Summer is a time when people want to get outdoors, enjoy the warm weather and the many activities that go along with it. Unfortunately, summer is also considered trauma season for these very reasons as well – an increased number of people outdoors participating in potentially dangerous activities.

But we want everyone to be safe and have a trauma free summer season so take a moment to check out these water safety tips.

Drownings are the leading cause of injury death for young children ages 1 to 4, and three children die every day as a result of drowning.

  • Always supervise children when in or around water. A responsible adult should constantly watch young children.
  • Teach kids to swim. Formal swimming lessons can protect young children from drowning.
  • Learn cardiopulmonary resuscitation (CPR). Your CPR skills could save someone’s life.
  • Install a four-sided fence around home pools.
  • Children should wear a properly fitted life jacket every time they are in the water until they can swim.
  • Drowning is silent especially in infants and children (their lungs are so small it takes very little water to fill them).

When boating, keep these helpful hints in mind:

  • Wear slip resistant shoes when on a boat.
  • Avoid the back of the boat where the motor propeller is.
  • Get off the water when there is a storm approaching even if it is not lightning.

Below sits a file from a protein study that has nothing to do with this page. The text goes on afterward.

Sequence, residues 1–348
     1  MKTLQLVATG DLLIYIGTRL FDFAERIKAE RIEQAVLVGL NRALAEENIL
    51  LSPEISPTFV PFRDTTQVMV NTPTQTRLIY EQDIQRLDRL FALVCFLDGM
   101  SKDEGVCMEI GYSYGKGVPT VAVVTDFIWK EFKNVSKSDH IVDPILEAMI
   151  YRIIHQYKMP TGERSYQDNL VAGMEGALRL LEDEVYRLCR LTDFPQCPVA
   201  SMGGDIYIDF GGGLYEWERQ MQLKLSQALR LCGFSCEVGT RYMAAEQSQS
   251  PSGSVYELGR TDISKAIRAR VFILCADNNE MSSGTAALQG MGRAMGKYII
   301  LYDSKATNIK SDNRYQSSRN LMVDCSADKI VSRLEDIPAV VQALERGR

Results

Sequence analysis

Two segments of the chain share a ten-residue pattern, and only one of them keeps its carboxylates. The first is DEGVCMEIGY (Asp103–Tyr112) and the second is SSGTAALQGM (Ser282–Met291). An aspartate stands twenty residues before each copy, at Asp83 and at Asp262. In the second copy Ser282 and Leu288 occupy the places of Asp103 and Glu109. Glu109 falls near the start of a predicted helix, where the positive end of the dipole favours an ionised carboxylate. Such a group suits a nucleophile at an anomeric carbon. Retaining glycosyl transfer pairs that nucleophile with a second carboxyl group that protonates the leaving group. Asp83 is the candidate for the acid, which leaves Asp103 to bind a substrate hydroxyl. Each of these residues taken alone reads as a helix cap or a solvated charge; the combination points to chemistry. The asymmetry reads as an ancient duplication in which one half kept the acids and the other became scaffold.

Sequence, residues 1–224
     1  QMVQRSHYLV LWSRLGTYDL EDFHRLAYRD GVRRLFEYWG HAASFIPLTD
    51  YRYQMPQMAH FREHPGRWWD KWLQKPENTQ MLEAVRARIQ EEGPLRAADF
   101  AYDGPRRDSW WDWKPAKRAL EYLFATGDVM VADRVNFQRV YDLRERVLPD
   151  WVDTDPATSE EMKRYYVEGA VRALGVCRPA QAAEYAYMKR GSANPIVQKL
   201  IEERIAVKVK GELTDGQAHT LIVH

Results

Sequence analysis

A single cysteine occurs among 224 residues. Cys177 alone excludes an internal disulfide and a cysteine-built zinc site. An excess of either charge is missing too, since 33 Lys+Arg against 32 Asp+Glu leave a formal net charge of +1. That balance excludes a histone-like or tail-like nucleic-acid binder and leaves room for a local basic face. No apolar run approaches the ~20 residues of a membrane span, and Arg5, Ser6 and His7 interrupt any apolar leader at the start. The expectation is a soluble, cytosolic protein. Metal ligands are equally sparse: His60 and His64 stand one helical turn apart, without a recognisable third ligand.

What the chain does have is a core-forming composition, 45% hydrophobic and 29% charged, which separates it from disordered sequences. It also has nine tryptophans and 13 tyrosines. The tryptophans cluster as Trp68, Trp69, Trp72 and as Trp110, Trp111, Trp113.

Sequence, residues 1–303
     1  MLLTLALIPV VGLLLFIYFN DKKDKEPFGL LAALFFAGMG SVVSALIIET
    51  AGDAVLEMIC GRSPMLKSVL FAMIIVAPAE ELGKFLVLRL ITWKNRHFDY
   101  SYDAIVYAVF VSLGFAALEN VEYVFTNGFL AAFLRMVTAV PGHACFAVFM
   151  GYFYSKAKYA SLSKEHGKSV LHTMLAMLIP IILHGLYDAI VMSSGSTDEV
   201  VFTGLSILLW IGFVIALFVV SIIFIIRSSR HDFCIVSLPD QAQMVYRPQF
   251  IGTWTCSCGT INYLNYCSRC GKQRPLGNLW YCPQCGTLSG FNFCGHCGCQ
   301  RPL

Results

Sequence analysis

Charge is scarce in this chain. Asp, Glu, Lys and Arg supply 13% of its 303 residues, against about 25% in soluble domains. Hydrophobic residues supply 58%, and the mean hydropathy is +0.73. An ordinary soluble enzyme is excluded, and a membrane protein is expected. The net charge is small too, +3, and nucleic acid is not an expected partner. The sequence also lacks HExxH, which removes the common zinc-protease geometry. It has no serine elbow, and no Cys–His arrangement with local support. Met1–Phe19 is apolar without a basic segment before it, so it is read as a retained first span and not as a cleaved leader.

• Avoid alcohol, and remember to stay hydrated when experiencing prolonged exposure to the heat and sun.
  • Stay seated while the boat is moving.

As the leading teaching hospital in the region, UofL Hospital is committed to educating our community. To learn more visit


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Theresa Baker

Theresa Baker, RN, BSN, is the trauma outreach and prevention coordinator for UofL Hospital, where she has worked for more than 23 years. Theresa has been a nurse since 1976, specializing in pediatric and adult burns/trauma. She obtained her bachelor’s degree from Indiana University Southeast. She is a certified burn nurse, Trauma Nursing Core Course director, instructor and faculty, Advanced Trauma Life Support course coordinator, Advanced Burn Life Support instructor, director and faculty, Rural Trauma Team Development course coordinator. She is a member of the Emergency Nurses Association, American Burn Association and Society of Trauma Nurses. Along with her education courses, she has received awards for the injury prevention program called Straight Talk, a juvenile intervention arson program. Some of her ongoing events include the Kentucky Statewide Trauma and Emergency Medicine Symposium, Annual EMS Conference, Rural Healthcare Training Conferences and multiple trauma education lectures throughout Kentucky, Southern Indiana and nationally.

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